Two Fridays ago, I spent the day being inspired by some of Toronto’s most innovative business models. (Yeah, I know, I need to get into the habit of documenting these things sooner; bad blogger.) The range was incredible: It included everything from the broad — like new approaches in incubating social research and new financing models for the social economy — to the local, including efforts to reduce our e-waste problems and to bring the sweet taste of natural honey — honey that helps to improve people’s lives in Africa — to our markets here in Toronto. This room full of world-changing ideas was brought together by Tonya Surman and her team at the Centre for Social Innovation and the day was expertly facilitated by Mark Surman.
Called the Social Innovators Summit, the event’s intention was to “…seed, support and advance social entrepreneurship.” Our hosts for Thursday night's kickoff dinner were Lee Davis, Co-Founder and CEO of Nonprofit Enterprise and Self-sustainability Team (an international nonprofit organization dedicated to supporting social enterprise in emerging market countries), and Michael Shuman, Vice President for Enterprise Development for the Training & Development Corporation, and author of books including The Small-Mart Revolution: How Local Businesses Are Beating the Global Competition. The next day all 70 participants were exposed to new ideas, got to workshop emerging initiatives, and to discuss innovative solutions to our collective challenges.
So, without further adieu, I will just jump right in and summarize the “speed geek” presentations:
Share-IT: presented a community program to address our growing problem of dealing with e-waste that distributes recovered technology to individuals and organizations that can put the technology to good use. (Not exactly FreeGeek, but gett’n close.)
uLern: is a social-research incubator and accelerator (their tag-line is “Fueling research partnerships") that brings together research partners to push forward new thinking on everything from environmental toxins to biodegradable cars.
Vartana: often called “the charity bank,” Vartana’s mission is to provide new financing mechanisms for Canada’s charities and non-profits, providing them with necessary financial mechanisms to explore earned-income and social enterprise opportunities. Vartana is lead by young social entrepreneur and Ashoka fellow Aaron Pereira.
Summerhill Group a “market transformation company” — one of the many organizations in Canada looking at the role of market forces in social change — shared the story of local initiatives to work with retailers and consumers to reduce greenhouse gas emissions through the Mow Down Pollution and Keep Cool campaigns.
Care Enterprise Partners is a program of Care — a large NGO that focuses on poverty reduction in developing countries — that focuses on finding sustainable solutions to poverty through social enterprise initiatives. Another Care-related project was presented by Farouk Jiwa — the Director of Private Sector & Development for Care Enterprise Partners — and focused on bringing Kenyan natural honey to domestic and foreign markets while ensuring that profit was only secondary to developing small scale, people-based, sustainable and local production.
One of my personal favourites, Mary-Lou Morgan shared the history of Toronto’s Big Carrot Natural Foods Market, the Carrot Common Mall, and then described their new(er) initiative called Carrot Cache, an organization that supports community food strategies and worker co-operatives with start-up stage funding. This is a fantastic example of a long-standing, successful, and sustainable business model that is making an effort to sow the necessary seeds for change in the future.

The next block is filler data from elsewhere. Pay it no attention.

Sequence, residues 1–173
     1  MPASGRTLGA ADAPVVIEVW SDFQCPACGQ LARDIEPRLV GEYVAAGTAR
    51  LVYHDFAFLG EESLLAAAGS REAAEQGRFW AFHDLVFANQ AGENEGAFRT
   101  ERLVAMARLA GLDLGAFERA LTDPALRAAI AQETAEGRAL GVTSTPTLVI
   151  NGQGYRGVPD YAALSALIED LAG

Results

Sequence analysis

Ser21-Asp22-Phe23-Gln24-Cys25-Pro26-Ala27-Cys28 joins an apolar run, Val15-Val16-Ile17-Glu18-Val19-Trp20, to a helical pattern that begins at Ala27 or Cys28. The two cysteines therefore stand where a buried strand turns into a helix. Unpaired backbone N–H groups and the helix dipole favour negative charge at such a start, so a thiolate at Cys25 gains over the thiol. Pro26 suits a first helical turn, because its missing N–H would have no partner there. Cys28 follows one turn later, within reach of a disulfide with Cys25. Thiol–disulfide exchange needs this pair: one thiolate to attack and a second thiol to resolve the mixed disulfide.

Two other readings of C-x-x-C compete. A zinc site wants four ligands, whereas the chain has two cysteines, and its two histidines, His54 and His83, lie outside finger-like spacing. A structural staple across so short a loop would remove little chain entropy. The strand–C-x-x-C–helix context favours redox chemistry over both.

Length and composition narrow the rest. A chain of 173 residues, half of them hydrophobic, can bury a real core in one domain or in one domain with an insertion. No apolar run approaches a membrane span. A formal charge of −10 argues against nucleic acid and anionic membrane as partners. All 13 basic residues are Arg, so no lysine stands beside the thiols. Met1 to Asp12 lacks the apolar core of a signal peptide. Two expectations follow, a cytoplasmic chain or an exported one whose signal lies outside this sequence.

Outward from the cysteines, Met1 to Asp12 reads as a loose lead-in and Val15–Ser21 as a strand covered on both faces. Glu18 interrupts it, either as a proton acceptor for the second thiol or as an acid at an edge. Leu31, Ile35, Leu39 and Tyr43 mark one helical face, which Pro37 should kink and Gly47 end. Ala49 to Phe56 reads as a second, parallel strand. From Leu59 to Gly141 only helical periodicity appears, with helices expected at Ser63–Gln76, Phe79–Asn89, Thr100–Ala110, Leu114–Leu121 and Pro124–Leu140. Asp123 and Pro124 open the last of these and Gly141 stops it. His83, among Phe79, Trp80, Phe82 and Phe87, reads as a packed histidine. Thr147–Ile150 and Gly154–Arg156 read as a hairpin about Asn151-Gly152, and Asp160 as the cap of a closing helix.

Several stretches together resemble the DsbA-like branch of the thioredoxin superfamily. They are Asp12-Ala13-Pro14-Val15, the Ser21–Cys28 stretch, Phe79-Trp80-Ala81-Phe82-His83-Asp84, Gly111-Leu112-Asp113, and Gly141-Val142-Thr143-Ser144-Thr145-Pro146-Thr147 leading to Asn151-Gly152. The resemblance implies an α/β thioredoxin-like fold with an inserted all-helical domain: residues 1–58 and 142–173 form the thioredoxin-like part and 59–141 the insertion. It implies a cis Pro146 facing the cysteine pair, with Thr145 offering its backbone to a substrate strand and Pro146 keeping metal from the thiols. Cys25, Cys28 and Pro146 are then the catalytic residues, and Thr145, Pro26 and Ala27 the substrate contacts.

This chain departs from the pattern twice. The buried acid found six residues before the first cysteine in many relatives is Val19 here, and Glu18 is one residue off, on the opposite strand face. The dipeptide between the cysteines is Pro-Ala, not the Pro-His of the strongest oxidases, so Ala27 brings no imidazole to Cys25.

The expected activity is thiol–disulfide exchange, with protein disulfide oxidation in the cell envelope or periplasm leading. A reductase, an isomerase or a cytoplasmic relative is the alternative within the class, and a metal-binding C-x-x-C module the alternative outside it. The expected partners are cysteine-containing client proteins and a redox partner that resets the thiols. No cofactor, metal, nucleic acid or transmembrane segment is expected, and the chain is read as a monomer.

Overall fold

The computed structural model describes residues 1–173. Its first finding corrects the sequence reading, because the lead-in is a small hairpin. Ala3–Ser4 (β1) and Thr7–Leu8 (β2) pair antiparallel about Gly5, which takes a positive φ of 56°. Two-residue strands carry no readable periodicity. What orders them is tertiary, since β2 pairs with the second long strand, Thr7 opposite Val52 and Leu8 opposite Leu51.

Finally, an effort to provide employment and job-skills training to women leaving Toronto’s social assistance program, Social Capital Partners has invested in a project called Fresh Start Market (no Web site yet). Fresh Start Market aims to be operational and profitable within the first year of opening their retail grocery store.
After the speek geek sessions, we enjoyed a lunch provided by Vert Catering (the whole event was “green,” with everything from Dark City coffee to having its carbon offset by Bullfrog Power) and listened to the story of Sarvodaya — Sri Lanka’s biggest charity. And, if that wasn’t enough, I had my mind blown by a post-lunch panel on new “social business models,” where Michel Labbe told the inside story of (they are so incredible you most go read about them) Options For Homes Nonprofit Corp., Keith Harding bluntly told us to stop wearing Birkenstocks and shared the powerful example of Family Services Employee Assistance Programs — a commercial operation owned and run by the non-profit Family Services Canada — and, finally, Sarah Knox demonstrated how “thinking small (real small!)” can be replicable and have broad community impacts with the example of the Kinder Garden Childcare Co-op.
I’m usually the first one to get
angry a little annoyed when I hear people say “the solution to struggling non-profits is to run them like business” — which I personally feel is not the best suited (or only) approach to operating a sustainable social change organization — but am happy to report that the 4th annual Social Innovators Summit (more photos here) left me inspired and with lots to think about. Hearing about these new models — and being in the room with many of the social-mission organizations that I’m already happy to be using, e.g., Turn-around Couriers and the Working Skills Centre — leaves me with some hope for this city and our movement at large.
So, if you want to hear about the next event, get on the innovators e-mail list — or, if you were at the event and you’re reading this, please let me know if I’ve missed anything… or just leave a comment with a link and a description of what you’re up to!